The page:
Tax breaks for virtual Christmas parties
November 19, 2020

As much as we’re all looking forward to celebrating at the end of a difficult year, Christmas in 2020 is unlikely to be the same as usual – and for most businesses, the end-of-year office party is off the cards.

That doesn’t mean there’s no way to reward your staff and celebrate their hard work, though.

In a survey by telephone answering service Moneypenny, 26% of office workers said their employer had already organised a virtual Christmas party at the end of October, while 23% were planning to take part in a long-distance Secret Santa.

Whether you’re hosting festive drinks via Zoom, a themed quiz, or an online competition, there are various options for employers looking to end the year on a positive note.

And while you might not be able to get together in person, the same tax break for annual functions that you might usually apply to your Christmas party can also be used for online events.

The annual function exemption

This exemption applies to events that cost up to £150 per person, including VAT.

It’s important to remember that this is not an allowance, so if the cost of your party exceeds it – let’s say you spend £160 per person instead – you’ll need to pay tax on the whole event, not just the £10 per person that exceeded the limit.

To qualify, your celebration must be available for all employees to attend, not just a select few.

For businesses based in more than one location, multiple events can be held where each employee can attend at least one – although, as most events are likely to be hosted online this year, the location of your employees might not be as relevant as it usually is.

You can invite employees’ spouses or civil partners to the party and still claim the exemption. You can also invite customers of the business along, but if the number of customers exceeds the number of employees it may be considered a business expense and not qualify for the tax break.

The other qualifying condition for this exemption is that your party must also be an annual celebration, and not a one-off event. Christmas parties generally qualify, but a yearly summer barbecue could count too.

Guidance from the ICAEW suggests that for virtual events, a “structured social event incorporating the traditional elements of a Christmas party” would be the most likely to meet the requirements for the exemption, such as one that includes food, drink and entertainment provided by the business.

This guidance also notes the importance of record-keeping, saying that employers “may need to demonstrate attendance at an online event for it to qualify under the annual function exemption”.

Compared to events that require formal bookings, such as sit-down meals, it can be harder to keep track of attendance for virtual events. Make sure you have a system in place to collect the relevant data on your event.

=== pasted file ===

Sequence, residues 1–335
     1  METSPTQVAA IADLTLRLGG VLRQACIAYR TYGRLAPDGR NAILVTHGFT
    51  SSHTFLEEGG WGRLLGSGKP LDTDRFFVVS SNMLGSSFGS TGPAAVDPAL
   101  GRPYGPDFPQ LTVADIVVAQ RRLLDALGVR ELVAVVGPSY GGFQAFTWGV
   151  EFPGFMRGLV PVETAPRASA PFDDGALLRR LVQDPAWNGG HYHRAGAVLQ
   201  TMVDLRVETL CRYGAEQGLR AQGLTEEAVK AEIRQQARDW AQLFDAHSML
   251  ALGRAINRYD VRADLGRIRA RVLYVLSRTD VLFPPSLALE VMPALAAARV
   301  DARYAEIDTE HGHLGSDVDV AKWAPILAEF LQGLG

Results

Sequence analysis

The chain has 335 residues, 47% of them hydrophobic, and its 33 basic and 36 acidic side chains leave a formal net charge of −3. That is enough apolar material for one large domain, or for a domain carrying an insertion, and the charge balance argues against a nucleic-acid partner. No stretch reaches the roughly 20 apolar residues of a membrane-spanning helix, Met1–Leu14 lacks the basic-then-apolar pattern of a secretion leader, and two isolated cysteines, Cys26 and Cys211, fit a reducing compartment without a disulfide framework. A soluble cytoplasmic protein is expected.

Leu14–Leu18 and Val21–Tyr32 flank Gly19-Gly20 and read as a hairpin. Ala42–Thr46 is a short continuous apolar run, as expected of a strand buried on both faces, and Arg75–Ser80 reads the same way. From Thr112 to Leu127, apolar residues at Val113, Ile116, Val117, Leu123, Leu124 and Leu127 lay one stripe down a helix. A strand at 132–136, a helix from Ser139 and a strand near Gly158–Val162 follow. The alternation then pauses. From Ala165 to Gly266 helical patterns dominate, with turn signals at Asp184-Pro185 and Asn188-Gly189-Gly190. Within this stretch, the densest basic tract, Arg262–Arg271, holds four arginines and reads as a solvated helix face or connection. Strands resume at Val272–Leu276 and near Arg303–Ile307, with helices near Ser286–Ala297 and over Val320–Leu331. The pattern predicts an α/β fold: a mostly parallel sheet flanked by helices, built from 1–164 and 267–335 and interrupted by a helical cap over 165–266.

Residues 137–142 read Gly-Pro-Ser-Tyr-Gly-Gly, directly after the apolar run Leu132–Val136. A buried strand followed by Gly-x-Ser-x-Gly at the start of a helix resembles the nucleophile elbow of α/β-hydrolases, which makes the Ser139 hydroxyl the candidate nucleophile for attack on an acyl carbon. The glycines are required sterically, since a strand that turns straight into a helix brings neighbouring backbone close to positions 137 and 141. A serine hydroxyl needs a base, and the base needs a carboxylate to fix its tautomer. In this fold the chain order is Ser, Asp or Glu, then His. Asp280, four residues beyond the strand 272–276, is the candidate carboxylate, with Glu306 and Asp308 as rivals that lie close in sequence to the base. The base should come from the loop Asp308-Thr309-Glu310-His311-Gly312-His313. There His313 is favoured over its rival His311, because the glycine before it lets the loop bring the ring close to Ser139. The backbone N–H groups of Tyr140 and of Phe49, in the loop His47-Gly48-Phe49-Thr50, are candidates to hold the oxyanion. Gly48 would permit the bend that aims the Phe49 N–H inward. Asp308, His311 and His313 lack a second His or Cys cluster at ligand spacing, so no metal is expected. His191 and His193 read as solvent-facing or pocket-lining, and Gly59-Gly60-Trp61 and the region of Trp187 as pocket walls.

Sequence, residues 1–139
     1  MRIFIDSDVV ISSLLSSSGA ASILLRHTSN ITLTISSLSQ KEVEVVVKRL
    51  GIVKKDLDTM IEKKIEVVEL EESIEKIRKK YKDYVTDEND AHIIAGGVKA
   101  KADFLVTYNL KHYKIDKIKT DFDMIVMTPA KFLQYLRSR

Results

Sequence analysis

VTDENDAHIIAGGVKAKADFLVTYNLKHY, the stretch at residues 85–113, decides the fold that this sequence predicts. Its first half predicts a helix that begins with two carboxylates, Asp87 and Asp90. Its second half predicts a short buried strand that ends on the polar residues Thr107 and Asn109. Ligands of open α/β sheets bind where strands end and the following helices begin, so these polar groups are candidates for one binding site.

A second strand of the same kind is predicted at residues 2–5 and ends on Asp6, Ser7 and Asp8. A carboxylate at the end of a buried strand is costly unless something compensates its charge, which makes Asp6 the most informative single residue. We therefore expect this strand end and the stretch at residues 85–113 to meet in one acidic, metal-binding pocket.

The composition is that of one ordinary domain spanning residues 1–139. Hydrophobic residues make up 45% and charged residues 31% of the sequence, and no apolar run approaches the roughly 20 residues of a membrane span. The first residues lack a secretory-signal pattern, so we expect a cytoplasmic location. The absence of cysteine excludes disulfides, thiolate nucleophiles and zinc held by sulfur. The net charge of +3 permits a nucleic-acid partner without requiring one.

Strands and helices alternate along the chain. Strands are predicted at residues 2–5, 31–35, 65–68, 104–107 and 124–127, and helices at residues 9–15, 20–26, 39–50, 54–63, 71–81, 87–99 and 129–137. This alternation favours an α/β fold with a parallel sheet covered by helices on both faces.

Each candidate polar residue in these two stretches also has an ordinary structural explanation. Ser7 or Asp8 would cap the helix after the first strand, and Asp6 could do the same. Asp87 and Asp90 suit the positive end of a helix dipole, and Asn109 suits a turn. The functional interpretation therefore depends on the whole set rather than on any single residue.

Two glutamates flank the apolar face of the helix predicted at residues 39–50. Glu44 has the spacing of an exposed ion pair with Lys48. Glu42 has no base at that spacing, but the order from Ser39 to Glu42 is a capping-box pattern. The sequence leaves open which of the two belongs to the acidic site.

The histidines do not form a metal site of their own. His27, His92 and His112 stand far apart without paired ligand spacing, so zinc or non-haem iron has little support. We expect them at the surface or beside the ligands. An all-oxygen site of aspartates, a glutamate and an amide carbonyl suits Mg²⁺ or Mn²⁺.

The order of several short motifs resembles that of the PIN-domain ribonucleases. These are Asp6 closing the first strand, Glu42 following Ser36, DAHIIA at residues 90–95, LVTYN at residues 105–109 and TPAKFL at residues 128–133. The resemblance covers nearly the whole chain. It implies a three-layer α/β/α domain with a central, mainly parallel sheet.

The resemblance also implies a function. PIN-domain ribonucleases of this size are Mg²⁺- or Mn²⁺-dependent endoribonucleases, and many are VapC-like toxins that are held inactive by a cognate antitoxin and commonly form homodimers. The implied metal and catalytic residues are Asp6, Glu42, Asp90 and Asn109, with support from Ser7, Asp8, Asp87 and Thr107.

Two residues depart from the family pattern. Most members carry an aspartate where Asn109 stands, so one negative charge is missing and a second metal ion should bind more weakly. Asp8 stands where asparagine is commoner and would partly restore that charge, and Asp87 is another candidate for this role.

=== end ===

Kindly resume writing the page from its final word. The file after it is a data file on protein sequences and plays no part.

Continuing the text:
Hosting more than one event

You can claim the exemption on multiple events, as long as their combined cost doesn’t exceed the limit per person.

For example, if you managed to fit in a summer party this year and spent £50 per person, you can claim the annual function exemption on both this and your Christmas party as long as your second event costs no more than £100 per head.

Guidance from HMRC says it does not expect employers to keep a cumulative record, employee by employee, of functions attended. Instead, the cost per head for each function should be calculated, then the cost per head of subsequent functions should be added.

If the total cost per head for all of your events in a year exceeds £150, you can use the exemption on whichever functions best utilise the £150, while the others will be taxable.

Giving gifts

It wouldn’t be Christmas without presents, so sending your employees a hamper or a box of chocolates could be an easy, COVID-safe way to celebrate the end of the year.

Under the trivial benefits rule, you can give your staff gifts of a value up to £50 without paying tax.

To qualify, the gift can’t be given as a reward for the employee’s work or performance, and it can’t be in the terms of their contract. It can’t be cash or a cash voucher, either.

This rule can be used in combination with the annual functions exemption, so if you want to host an event and provide gifts too, both can be provided tax-free with the right planning.

Taxable rewards and bonuses

Any cash bonus you give to employees will count as their earnings, so you’ll need to add the value of it to their other earnings and deduct and pay tax and National Insurance through payroll.

If you give a non-cash gift that doesn’t fall within the trivial benefits rule, you’re required to report it to HMRC and pay class 1A National Insurance on its value.

For each employee who has received a taxable benefit, you’ll need to submit a P11D form by the end of the tax year. HMRC might also ask you to submit a separate form, called P11D(b).

Get in touch for help with business tax planning.

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Dick Haffenden JCS

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